Happy Birthday Seven Drafts

September 20, 2022 § 6 Comments

There’s a logic (and some magic) to the number 7.

By Andrea A. Firth

When you take a class from Brevity Blog’s editor Allison K Williams, she starts by sharing her hashtag, #FirehoseMe. Why firehose? Because she packs more information (and laughs) into a class than almost humanly possible. She’s literally a blast.

Last Fall, not long after the launch of Seven DraftsSelf-Edit Like a Pro from Blank Page to Book, I interviewed Allison for Catapult Magazine. She presents the same way in an interview as she does when she leads a class. By the end of our hour-long conversation, I was soaking wet. (You can read the interview here.) I couldn’t fit all of the great information and lol moments into that 1,500-word Q&A. So, on the eve of Seven Drafts’ one-year publication anniversary, I asked Allison to revisit what didn’t make the cut and answer a couple more questions.

What inspired you to write Seven Drafts

I really like money and one of the ways to make money is to have a product that you don’t have to keep delivering in person. I know that sounds mercenary! But writing and editing is how I make my living, and there’s no shame in wanting to be paid for what you do, even when you love doing it. Plus, having a traditionally published book is a huge resume-booster for a writing teacher, and I was so happy Woodhall Press was willing to team up to make it happen (Thanks Matt & Colin!).

Seven drafts to a complete book—why 7?

Because if I called it 17 Drafts, no one would buy the book! But really there’s a logic (and some magic) to the number 7. Each draft plays a specific and important role, and I first wrote about that for Brevity in 2015. The short version:

Vomit Draft:  This is awesome!

Story Draft:   This makes no sense.

Character Draft:  Who are these people? I hate them.

Technical Draft:  Thought made writing but me wrong was.

Personal Copy Edit: Sprinkle commas like confetti!

Friend Read:  If you love me, you’ll tell me what sucks.

Editor Read:  I paid big bucks to confirm what I kind of knew. Can I at least query while revising?

Circus arts, like lying on a bed of nails and fire eating, are among your other talents. You worked as a street performer for many years and often draw on that experience when you write and teach? How do the two connect?

Honestly, the hard part is not lying on a bed of nails. The hard part is taking a big, deep breath and holding it while a big audience volunteer guy is standing on you, because once you exhale, you can’t inhale again. But the key to lying on a bed of nails is in the numbers. Lying on one nail will pierce right through you. Lying on a hundred nails isn’t so bad. It’s like submitting to literary journals. One submission, you’re on the edge of your seat every time the inbox pings. A hundred submissions, you won’t even remember what essay you sent them when the rejection comes in.

Fire-eating’s a lot like writing, too—and I’ll be talking more about that in this month’s newsletter. (Sign up here!)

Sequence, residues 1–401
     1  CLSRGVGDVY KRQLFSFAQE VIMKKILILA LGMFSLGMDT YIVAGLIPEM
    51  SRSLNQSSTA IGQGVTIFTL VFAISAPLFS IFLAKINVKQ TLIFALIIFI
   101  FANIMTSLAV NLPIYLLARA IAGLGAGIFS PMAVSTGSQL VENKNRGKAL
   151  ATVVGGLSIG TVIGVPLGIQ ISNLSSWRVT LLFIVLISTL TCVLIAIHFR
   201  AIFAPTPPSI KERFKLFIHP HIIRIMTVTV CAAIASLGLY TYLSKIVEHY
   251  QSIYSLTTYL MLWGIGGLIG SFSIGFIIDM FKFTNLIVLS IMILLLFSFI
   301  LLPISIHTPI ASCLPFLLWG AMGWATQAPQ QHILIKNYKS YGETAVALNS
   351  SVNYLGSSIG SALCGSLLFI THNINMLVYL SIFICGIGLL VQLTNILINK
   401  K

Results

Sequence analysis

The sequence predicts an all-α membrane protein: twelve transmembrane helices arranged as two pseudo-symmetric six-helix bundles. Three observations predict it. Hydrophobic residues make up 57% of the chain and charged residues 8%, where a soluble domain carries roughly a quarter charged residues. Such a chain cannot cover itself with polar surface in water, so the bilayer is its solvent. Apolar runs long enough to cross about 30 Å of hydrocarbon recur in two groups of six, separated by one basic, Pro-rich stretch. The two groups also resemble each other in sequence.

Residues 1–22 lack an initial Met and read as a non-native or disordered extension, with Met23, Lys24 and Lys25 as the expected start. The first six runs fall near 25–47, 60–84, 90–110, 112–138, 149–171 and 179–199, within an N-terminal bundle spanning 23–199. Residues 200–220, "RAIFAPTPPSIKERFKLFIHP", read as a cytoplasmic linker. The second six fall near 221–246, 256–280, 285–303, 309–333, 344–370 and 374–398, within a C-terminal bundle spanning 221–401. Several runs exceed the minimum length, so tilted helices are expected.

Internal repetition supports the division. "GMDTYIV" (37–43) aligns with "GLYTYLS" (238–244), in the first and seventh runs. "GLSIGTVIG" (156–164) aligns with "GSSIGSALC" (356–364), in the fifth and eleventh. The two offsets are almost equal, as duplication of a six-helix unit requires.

You say writers are seldom original, but we can always be rare. Can you expand on this?

Early-career writers often worry that somebody’s going to steal their idea, or else they aren’t moving fast enough, and someone else will write it first. But an agent doesn’t need to steal your idea. The agent got six other books today with that same idea. So little is original. And even if someone else tells “your” story, you haven’t lost your chance. Our voice, our bravery in telling the story, whether that’s a personal story or one in which we have carefully created beautiful characters and bravely sent them into the world to tell their story—that is almost always unique. No one else can tell our particular, unique story. As I wrote in Seven Drafts, that’s why showing is so much better than telling, why details are better than generalities.

What have you learned about yourself, the book, or process over the past year?

It was powerfully moving to hold my book in my hands for the first time. And I’m delighted every time people Tweet and email me to say how much Seven Drafts is helping them get through their own books! But because it’s a writing craft book, part of me still feels like an imposter—like it’s not a “real” book like a memoir or a novel. So I’m working hard to finish a YA novel that is very much the book of my heart.

You’re organizing a dinner party to celebrate the first anniversary of Seven Drafts. Which three writers, alive or dead, do you invite? And what kind of cake do you serve?

Hilary Mantel, William Shakespeare and Kate Atkinson. Three powerful wordsmiths who I think would also enjoy each other’s company. We’ll have Lemon Lush cupcakes from Lancaster Cupcakes, please and thank you!

I’m a terrible gift receiver—so I think the very best way to celebrate is presents for other people! For all the Brevity readers who support, sustain and challenge my work, I’m offering two free chapters of Seven Drafts, and my Self-Editing Checklist. Get them here.

Happy Birthday!

__________________

Andrea A. Firth recently joined the Brevity Blog editorial team. She lives and writes in the San Francisco Bay Area and is the co-founder of Diablo Writers’ Workshop. Andrea has a new class Let’s Try: Essay, A Space to Tell Your Story starting in November. Learn more here.

Allison K Williams is Brevity’s Social Media Editor, and the author of Seven Drafts. She’ll be leading three sessions of Memoir Bootcamp starting October 19. Learn more here.

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